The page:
Several top corporates could end FY15 considerably over-leveraged following the increase in net borrowing levels in Q3FY15...
Several top corporates could end FY15 considerably over-leveraged following the increase in net borrowing levels in Q3FY15, reports Devangi Gandhi in Mumbai. The aggregate debt burden of 10 of the top 15 leveraged companies went up by R19,324 crore to R3,88,103 crore over the nine months to December 2014.
Metal players borrowed R20,778 crore more during this time; the collective debt of Tata Steel, Jindal Steel and JSW Steel increased by R18,257 crore, or 13% y-o-y compared to a 38% rise in FY14.
However, the collective EBITDA of these companies grew by 4% yoy. Tata Steel needed the money to fund capital expenditure and so borrowed R5,170 crore more, JSW steel needed additional working capital and borrowed R3,870 crore. Jindal Steel and Power needed to pay the additional levy for the usage of operational coal blocks, cancelled by the Supreme Court in September last year; its debt rose by R4,252 taking the total to R41,934 crore. What has compounded the woes of steelmakers is the sharp drop in prices in a sluggish demand environment though with raw material costs also falling, the pressure on working capital pressure is likely to ease.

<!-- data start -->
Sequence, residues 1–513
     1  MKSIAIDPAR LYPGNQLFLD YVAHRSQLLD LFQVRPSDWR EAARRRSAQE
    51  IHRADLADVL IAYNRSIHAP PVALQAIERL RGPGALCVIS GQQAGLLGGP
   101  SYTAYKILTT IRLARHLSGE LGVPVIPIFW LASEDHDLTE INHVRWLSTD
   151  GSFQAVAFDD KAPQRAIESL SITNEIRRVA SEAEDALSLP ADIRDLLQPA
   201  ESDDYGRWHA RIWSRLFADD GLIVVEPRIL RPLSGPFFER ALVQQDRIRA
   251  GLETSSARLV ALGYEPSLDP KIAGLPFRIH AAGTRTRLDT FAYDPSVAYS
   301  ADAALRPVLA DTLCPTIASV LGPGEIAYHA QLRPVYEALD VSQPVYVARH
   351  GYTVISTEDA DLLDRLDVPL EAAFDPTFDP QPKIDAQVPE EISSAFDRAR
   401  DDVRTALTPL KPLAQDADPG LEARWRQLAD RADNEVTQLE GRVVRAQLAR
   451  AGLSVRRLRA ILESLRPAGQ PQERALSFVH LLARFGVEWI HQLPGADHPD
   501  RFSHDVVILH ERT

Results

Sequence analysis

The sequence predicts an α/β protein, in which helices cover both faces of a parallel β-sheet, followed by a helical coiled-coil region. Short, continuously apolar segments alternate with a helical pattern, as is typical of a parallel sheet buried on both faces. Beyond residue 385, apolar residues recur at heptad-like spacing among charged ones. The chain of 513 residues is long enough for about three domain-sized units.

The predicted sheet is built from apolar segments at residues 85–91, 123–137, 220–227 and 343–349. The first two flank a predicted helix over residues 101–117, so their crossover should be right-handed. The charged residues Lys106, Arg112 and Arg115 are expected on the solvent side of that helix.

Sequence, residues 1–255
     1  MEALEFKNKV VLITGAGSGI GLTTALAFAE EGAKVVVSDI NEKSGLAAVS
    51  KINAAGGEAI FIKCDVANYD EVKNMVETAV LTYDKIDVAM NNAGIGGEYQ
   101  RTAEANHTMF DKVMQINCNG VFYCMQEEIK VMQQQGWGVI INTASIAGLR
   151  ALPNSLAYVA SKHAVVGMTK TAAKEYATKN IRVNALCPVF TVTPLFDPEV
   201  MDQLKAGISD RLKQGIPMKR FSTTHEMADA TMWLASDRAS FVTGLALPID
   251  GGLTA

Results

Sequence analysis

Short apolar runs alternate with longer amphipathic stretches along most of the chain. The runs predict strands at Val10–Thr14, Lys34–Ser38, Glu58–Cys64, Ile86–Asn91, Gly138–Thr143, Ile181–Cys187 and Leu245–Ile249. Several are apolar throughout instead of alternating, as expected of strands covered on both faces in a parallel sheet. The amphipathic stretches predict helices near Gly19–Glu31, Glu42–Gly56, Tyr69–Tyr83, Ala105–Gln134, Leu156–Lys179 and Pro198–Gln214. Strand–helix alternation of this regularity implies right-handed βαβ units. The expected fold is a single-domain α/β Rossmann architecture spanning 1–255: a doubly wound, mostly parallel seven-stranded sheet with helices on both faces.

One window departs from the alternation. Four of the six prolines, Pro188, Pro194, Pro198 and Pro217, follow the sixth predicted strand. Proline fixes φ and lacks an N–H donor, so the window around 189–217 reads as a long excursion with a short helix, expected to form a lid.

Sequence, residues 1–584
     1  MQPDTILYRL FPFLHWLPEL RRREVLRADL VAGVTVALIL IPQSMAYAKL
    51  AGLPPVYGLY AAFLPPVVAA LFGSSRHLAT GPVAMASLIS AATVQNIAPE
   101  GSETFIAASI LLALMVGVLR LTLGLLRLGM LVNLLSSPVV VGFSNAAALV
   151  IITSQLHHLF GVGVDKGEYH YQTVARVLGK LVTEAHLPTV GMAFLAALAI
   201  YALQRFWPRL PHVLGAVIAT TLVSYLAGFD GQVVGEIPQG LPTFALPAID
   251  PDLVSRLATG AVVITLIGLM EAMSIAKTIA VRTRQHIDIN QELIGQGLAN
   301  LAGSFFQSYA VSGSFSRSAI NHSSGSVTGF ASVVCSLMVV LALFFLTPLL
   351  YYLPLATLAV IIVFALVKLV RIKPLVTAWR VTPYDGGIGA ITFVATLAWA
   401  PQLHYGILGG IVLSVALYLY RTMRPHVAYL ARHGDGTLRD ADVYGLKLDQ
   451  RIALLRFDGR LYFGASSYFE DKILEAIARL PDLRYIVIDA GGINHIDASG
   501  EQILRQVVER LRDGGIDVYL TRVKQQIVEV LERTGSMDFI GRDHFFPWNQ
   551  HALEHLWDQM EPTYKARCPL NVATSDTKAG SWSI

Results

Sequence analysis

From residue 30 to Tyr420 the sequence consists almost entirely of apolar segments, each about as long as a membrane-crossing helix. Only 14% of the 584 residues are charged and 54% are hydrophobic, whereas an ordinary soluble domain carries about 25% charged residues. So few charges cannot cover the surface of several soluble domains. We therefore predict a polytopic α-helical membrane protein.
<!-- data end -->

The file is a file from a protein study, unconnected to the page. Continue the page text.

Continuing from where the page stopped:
In contrast to the metals pack, telecom players like Idea and Reliance Communications reduced their net debt by more than R11,500 crore in the 9 months to December. Idea Cellular which raised equity to the tune of R3,750 crore between June-July 2014, used internal accruals to finance investments in networks and an additional 157.7 MhZ of spectrum purchases. Consequently, its net debt dropped by R8,133 crore, improving the debt to EBITDA ratio to1.12.
Analysts are concerned about whether the FY16 operating cash flows of Adani Power will be sufficient to cover interest and debt repayment liabilities.
India’s biggest private power producer reported net losses for a third consecutive quarter in Q3FY15 despite accounting for compensatory tariffs for its various projects which are not cash receipts. Given its acquisitions –it recently said it was buying Avantha P&I’s Chattisgarh power plant and is already in arbitration completing its purchase of Lanco Infratech’s Udipi power plant— Adani Power’s leverage (debt to equity) ratio of about 8 times may rise further.
While R6100 crore of fund- raising through a QIP and preferential allotment helped Reliance Communication lighten its balance sheet by R3,844 crore or close to 8% in the first half of the fiscal, it witnessed addition of R433 crore in net debt during three months to December 2014.
Bharti Airtel continued its de-leveraging effort by announcing agreements to divest R5,900 crore in its tower business across Africa in the December quarter. However, the company reported a jump of R4,623 crore in its net borrowing during the quarter in the period. The increase was attributed to R6,458 crore of deferred payment liabilities for the spectrum.
Given the competitive bidding process observed in the ongoing spectrum auction, the near-term debt levels of telecom companies are likely to go up and may lead to higher debt numbers for FY15.